As a substitute for am not, is not,
and are not
in declarative sentences, ain't
is more common in uneducated speech than in educated, but it occurs with some frequency in the informal speech of the educated, especially in the southern and south-central states. This is especially true of the interrogative use of ain't I?
as a substitute for the formal and—to some—stilted am I not?
or for aren't I?,
considered by some to be ungrammatical, or for the awkward—and rare in American speech— amn't I?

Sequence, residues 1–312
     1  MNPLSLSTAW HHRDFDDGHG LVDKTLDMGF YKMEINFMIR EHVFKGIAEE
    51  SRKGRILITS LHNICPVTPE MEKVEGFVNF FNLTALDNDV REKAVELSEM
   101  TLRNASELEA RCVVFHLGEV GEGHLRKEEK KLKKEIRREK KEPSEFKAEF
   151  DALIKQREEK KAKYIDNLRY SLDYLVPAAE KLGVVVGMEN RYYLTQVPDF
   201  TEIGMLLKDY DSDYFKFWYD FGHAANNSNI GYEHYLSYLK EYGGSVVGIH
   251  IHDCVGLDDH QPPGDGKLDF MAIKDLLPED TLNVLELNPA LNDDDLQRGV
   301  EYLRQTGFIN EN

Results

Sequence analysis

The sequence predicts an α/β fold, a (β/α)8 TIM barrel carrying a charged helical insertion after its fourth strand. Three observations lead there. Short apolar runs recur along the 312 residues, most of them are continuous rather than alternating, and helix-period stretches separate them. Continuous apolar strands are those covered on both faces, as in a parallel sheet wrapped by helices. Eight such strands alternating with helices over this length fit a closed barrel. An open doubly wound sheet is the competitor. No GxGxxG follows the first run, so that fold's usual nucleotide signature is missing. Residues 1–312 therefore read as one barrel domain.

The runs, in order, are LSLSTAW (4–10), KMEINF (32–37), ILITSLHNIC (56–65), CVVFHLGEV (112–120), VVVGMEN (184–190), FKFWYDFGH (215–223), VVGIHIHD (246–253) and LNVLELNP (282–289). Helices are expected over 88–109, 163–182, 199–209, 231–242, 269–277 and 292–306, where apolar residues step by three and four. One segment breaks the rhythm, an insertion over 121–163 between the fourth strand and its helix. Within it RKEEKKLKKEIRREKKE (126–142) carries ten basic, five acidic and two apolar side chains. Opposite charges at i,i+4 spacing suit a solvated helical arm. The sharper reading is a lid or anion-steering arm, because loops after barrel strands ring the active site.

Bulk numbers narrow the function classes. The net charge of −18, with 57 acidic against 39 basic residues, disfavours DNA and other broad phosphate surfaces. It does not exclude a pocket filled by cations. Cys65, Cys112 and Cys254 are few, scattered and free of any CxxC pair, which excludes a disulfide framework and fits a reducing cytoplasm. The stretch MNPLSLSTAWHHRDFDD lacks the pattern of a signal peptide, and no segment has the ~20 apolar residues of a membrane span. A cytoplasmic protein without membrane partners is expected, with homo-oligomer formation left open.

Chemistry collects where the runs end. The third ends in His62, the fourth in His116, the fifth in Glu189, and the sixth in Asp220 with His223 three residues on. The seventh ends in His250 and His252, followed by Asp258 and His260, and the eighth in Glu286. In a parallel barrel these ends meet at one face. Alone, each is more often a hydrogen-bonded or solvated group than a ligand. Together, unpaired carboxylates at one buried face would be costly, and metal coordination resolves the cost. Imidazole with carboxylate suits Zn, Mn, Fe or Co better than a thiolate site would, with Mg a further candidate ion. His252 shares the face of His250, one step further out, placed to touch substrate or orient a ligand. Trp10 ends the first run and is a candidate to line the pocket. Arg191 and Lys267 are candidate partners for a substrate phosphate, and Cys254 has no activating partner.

Some speakers avoid any of the preceding forms by substituting Isn't that so
( true, the case
) ? Ain't
occurs in humorous or set phrases: Ain't it the truth! She ain't what she used to be. It ain't funny.
The word is also used for emphasis: That just ain't so!
It does not appear in formal writing except for deliberate effect in such phrases or to represent speech. As a substitute for have not
or has not
and—occasionally in Southern speech— do not, does not,
and did not,
it is nonstandard except in similar humorous uses: You ain't heard nothin' yet!
See also aren't